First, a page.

Wednesday, July 22, 2009

The Horror of Petticoat Breeches

Wednesday, July 22, 2009
Petticoatbreeches1663 Susan reports:
Loretta, you know I like a thrill or two myself –– but I also never tire of the endless back-and-forth swings of fashion. One generation of stylish gentlemen searches for new ways to clothe their nether-parts in the most revealing way possible (ah, what Brummel would have given for an ounce of Lycra!), while another decides the only way to strut their stuff is to hide it all in acres of fabric.

I’m not thinking the voluminous jeans of recent hip-hop style, either. As has often been the case, London gentlemen in the 1660s looked to Paris for fashion guidance as dictated by the French and that master of conspicuous consumption, King Louis XIV (there he is to the left.) Blame Louis, then, for “petticoat breeches”: knee-length garments with loose legs cut as full as a lady’s petticoats, and further trimmed with loops and bows of silk ribbon. (One surviving pair is decorated with over two hundred yards' worth.) Add a short doublet, beribboned periwig, sagging stockings, and floppy, lace-trimmed boots or shoes, and you've got quite A Look.

The legs of petticoat breeches were cut so wide that diarist Samuel Pepys describes how a friend of his “told of his mistake thePetticoatbreecheshabitofaman other day to put both his legs through one of the knees of his breeches, and went so all day.”

There’s much more in Fashion and Fiction: Dress in Art & Literature in Stuart England, by my absolute favorite costume historian/writer Aileen Ribeiro. As is always the case, the older generation in the 1660s fussed over the fashions worn by the young folk. The students at Oxford liked to “swash it in apparell”, leaving their elders to lament that it was “a strange effeminate age when men strive to imitate women…viz., long periwigs, patches on their faces, short wide breeches like petticotes, bedecked with ribbons of all colours.” Doesn't this caricature from 1663 say it all?


Margaret Porter said...

Love the caricature.
Those loops of ribbon are just--well, a bit over the top. But fun, nonetheless.

Isabella Bradford/Susan Holloway Scott said...

I always imagine how those endless loops of ribbon must have fluttered on a breezy day. There's one famous pair of breeches in an English collection that are estimated to have over two hundred yards of ribbon decoration! For more info plus photos, please check out Aileen Ribieiro's wonderful "Fashion and Fiction", the ultimate book on 17th century English fashion.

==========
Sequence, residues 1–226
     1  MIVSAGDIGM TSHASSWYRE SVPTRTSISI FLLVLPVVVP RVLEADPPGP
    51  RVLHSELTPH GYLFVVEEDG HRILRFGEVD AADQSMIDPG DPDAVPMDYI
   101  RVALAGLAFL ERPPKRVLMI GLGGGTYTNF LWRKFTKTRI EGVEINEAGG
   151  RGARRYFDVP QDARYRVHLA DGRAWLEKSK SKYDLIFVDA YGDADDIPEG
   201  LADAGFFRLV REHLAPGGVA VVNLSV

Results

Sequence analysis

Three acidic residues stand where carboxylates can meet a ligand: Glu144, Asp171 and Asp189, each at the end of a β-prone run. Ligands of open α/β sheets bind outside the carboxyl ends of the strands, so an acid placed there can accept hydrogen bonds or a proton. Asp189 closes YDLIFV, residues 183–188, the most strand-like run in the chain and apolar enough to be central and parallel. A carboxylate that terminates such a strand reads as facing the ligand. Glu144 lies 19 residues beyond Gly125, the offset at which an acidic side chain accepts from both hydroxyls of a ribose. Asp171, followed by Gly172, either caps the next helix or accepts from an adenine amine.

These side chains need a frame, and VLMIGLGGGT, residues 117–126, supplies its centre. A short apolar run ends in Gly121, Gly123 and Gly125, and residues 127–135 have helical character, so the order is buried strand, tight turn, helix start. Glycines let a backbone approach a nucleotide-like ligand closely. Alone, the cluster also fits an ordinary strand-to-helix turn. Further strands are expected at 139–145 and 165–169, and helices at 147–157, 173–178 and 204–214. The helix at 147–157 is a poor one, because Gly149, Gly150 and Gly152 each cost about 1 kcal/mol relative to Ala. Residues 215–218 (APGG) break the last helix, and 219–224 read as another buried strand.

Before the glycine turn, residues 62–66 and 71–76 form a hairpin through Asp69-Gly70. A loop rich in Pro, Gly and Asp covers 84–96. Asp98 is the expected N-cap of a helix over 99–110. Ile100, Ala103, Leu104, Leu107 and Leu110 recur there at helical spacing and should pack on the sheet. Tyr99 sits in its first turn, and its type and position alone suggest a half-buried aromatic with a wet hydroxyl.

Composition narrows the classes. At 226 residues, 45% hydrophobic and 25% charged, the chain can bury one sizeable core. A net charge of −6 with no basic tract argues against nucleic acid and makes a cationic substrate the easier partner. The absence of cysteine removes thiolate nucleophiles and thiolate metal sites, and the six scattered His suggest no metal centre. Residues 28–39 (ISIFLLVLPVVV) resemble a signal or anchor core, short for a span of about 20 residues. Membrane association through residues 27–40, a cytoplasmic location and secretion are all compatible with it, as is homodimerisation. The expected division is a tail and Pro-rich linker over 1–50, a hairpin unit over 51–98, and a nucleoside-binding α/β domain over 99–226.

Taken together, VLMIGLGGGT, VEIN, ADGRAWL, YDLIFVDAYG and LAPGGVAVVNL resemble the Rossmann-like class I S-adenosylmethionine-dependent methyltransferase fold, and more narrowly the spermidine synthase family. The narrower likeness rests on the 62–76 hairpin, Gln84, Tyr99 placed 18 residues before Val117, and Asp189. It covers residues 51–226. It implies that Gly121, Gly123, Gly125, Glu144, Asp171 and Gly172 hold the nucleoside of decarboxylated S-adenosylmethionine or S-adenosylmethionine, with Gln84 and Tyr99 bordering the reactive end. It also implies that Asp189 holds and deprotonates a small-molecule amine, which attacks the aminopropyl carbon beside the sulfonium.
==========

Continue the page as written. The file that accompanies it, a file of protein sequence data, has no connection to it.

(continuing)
Isabella Bradford/Susan Holloway Scott said...

OK, so I just realized I totally repeated my own blog in the last comment. Duh. You can see what happens to writers' brains when in the home-stretch of a manuscript!

Margaret Porter said...

That's ok! I have the Ribeiro book, it's gorgeous.

Susan Holloway Scott said...

I agree, Margaret. I have all of Ribeiro's books on historical dress, too. Not only does come up with unfamiliar images, beautifully reproduced, but she puts the clothes into a thoughtful historical context. Her books make me THINK! :)

Lauren Hairston said...

Just saw this link on your twitter feed. I HAVE to get a copy of Fashion and Fiction. I studied the Restoration in graduate school and I just absolutely adore the aesthetic of that time period.

Charles said...

In The American Mercury, May 1928, Frances Anne Allen spoke of women who are "DRUNK WITH SUCCESS OVER SHINING SARTORIALLY WITHOUT MALE COMPETITION" and in order to have a monopoly on skirt garments "PRONOUNCED THEM SISSIFIED, AND PROMPTLY KILLED THE GENTLEMEN’S STRUGGLE TOWARD A RAY OF LIGHT.” "The horror of petticoat breeches" interpreted means "The horror of men having equal rights of use of clothes for self expression." Women rave about skirts being badges of servitude, but let a man propose to wear one, now they're enraged sow bears with cubs.

Two Nerdy History Girls. Design by Pocket